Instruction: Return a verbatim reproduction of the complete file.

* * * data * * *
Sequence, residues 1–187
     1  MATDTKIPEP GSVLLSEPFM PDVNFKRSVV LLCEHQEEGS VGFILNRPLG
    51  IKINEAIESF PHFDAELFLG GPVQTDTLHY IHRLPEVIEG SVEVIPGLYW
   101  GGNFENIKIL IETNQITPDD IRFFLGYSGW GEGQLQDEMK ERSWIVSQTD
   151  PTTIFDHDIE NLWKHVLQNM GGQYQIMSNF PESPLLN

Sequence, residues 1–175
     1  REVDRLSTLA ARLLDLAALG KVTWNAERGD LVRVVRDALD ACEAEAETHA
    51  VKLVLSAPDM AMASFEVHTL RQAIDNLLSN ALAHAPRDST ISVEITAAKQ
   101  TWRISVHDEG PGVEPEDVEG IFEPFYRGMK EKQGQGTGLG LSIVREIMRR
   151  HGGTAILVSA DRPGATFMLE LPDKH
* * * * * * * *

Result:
Sequence, residues 1–187
     1  MATDTKIPEP GSVLLSEPFM PDVNFKRSVV LLCEHQEEGS VGFILNRPLG
    51  IKINEAIESF PHFDAELFLG GPVQTDTLHY IHRLPEVIEG SVEVIPGLYW
   101  GGNFENIKIL IETNQITPDD IRFFLGYSGW GEGQLQDEMK ERSWIVSQTD
   151  PTTIFDHDIE NLWKHVLQNM GGQYQIMSNF PESPLLN

Sequence, residues 1–175
     1  REVDRLSTLA ARLLDLAALG KVTWNAERGD LVRVVRDALD ACEAEAETHA
    51  VKLVLSAPDM AMASFEVHTL RQAIDNLLSN ALAHAPRDST ISVEITAAKQ
   101  TWRISVHDEG PGVEPEDVEG IFEPFYRGMK EKQGQGTGLG LSIVREIMRR
   151  HGGTAILVSA DRPGATFMLE LPDKH